Being a (married) single parent
If your husband/wife or partner is away at sea or deployed on exercise it can be hard to know how to take care of the children if, for example, you suddenly have to go into hospital or visit a sick relative.
Naval Personal Family Service can try to help in these situations though it must be said the best help here is family, neighbours or friends who already know the children. NPFS can help contact these and can arrange for family members living far away to visit. In extreme cases NPFS can offer the services of a Family Support Worker or try to get a sailor brought home to help out, but it must be noted that children are considered a parent's responsibility, not the Service's or the government's.
More Information: NPFS/RM Welfare
More Information: RNCom Help Desk
It should also be noted that no sailor can be FORCED to return home. Even if the opportunity is presented to them they can turn it down. This of course is rare, but someone who is just completing an important Naval exercise, for example, or a professional course in order to get promotion may find it hard to return if a home based relative is perfectly able to help with his or her children.
A number of Naval single parents (either married with spouses away, or actual single parents) have duties, which demand night time watchkeeping ashore. Comcens, Port Controls, Operations HQs and others. This means that they have some home life with their children but the timings can be unusual.
The Navy regards parental responsibility as just that and not the Navy's business. Becoming a parent is a personal choice. But it recognises the needs of parents too. For example female single mothers will enjoy larger married quarters so that there is a spare room for someone to stay in the house and cover for the children while they are watchkeeping.
Leaving a Child at home alone
The law does not specify an age when you can leave a child alone, but it is against the law to leave a child alone if by doing so puts the child at risk.
So it is down to you to decide. You should think about: The age of the child.
The length of time the child will be left and how often you expect to do this.
Where the child will be left.
If the child is old enough and mature enough to be left.
If there are any other children in the home.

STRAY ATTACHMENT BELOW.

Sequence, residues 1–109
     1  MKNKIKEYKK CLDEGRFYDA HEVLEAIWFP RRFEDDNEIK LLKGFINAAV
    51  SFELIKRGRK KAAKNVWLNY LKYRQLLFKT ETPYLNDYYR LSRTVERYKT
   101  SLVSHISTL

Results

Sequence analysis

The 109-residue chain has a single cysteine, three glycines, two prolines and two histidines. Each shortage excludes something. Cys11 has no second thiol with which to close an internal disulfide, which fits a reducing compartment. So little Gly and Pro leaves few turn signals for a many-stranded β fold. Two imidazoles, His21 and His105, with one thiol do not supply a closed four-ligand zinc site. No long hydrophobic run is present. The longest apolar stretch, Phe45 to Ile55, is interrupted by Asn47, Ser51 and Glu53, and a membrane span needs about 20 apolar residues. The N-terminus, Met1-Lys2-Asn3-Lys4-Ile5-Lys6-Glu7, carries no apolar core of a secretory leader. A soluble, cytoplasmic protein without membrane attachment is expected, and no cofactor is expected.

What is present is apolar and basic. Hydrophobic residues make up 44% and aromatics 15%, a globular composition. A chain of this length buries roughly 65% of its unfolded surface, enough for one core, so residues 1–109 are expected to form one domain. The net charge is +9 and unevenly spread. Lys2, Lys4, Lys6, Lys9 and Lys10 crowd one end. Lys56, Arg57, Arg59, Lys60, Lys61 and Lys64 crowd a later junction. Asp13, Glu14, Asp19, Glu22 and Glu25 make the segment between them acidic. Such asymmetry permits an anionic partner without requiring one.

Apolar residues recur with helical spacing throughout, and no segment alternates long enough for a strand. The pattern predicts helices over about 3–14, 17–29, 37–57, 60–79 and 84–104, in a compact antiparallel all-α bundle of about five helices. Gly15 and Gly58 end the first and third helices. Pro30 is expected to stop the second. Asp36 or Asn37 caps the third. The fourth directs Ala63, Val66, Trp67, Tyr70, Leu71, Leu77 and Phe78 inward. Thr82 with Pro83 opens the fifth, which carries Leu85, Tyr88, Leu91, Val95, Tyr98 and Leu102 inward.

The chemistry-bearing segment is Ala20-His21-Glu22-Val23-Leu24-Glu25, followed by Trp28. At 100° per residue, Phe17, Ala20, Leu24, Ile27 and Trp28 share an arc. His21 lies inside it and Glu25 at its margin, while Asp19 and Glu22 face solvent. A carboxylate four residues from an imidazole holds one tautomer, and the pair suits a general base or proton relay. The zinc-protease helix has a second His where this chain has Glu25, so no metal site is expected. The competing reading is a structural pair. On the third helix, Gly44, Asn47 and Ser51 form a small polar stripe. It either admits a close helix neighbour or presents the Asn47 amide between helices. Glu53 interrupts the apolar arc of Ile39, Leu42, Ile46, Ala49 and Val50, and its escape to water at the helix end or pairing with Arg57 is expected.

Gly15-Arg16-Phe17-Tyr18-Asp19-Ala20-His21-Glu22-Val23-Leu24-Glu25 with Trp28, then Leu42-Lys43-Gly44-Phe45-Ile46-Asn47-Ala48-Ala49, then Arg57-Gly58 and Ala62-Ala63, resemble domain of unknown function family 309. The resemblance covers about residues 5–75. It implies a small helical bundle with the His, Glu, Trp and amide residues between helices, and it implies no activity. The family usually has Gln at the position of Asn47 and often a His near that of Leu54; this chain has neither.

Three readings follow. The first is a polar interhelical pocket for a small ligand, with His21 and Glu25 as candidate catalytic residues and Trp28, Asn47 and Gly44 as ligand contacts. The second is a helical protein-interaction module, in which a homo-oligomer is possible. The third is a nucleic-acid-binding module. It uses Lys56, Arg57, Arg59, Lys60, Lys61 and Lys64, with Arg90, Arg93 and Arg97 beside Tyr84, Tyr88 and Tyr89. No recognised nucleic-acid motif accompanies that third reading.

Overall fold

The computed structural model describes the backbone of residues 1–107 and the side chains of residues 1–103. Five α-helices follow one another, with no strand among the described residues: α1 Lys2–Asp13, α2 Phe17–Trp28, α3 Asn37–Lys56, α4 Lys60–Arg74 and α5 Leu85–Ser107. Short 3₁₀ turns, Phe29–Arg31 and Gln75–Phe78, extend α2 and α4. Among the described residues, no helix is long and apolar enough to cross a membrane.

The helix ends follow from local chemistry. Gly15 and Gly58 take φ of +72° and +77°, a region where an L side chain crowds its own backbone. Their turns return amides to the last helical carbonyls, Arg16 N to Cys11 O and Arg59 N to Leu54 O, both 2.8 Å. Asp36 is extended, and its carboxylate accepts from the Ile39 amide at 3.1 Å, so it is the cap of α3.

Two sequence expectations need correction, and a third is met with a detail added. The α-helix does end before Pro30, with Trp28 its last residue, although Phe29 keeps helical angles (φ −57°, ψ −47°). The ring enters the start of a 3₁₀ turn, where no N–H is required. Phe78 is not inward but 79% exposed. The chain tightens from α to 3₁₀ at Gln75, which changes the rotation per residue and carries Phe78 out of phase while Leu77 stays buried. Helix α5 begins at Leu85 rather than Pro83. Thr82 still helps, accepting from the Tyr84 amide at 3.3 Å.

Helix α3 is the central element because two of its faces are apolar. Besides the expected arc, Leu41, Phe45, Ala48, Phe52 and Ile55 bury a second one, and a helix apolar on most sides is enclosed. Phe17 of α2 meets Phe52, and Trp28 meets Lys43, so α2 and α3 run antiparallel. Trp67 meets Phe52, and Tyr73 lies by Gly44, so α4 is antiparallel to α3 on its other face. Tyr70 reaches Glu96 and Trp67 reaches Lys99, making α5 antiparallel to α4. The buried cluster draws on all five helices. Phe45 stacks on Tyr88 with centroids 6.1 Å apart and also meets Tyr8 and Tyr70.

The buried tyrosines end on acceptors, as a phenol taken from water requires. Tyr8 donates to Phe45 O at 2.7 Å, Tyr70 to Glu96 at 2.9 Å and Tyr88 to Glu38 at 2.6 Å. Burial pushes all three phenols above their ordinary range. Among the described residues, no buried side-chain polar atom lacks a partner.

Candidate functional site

The National Society for Prevention of Cruelty to Children makes these further points:
"You are the best judge of your child's level of maturity and responsibility."
For example, most parents would think it's OK to leave a sixteen-year-old alone for the evening, but to leave them for a week would be unacceptable.
Many young children play outdoors with other children without a parent or carer being present. As they are unsupervised, they are 'alone', but most people would agree that this is an important part of growing up.
If you do leave a child alone, remember:
If possible, leave a telephone number where you can be contacted, and be available to answer it immediately.
Talk to your child about keeping safe at home and point out the potential dangers. Tell them not to answer the door to strangers.
Give clear instructions about what to do if there's an emergency. All children left alone should be able to phone the emergency services.
Leave a list of trusted people they can contact.
Put obvious dangers out of reach of children, e.g. medicines, chemicals, matches, etc.
Make sure that the child is happy about the arrangements and confident about being left.
Tell the child when you'll be back, and make sure you're back on time.
Talk to him or her about it afterwards.
A few other points to guide you:
Never leave a baby or very young child alone at home, whether asleep or awake, even for a few minutes. It doesn't take long for unsupervised young children or babies to injure themselves.
Most children under thirteen should not be left for more than a short period.
No child under sixteen should be left overnight.
Web site: NSPCC Advice on Leaving Children Home Alone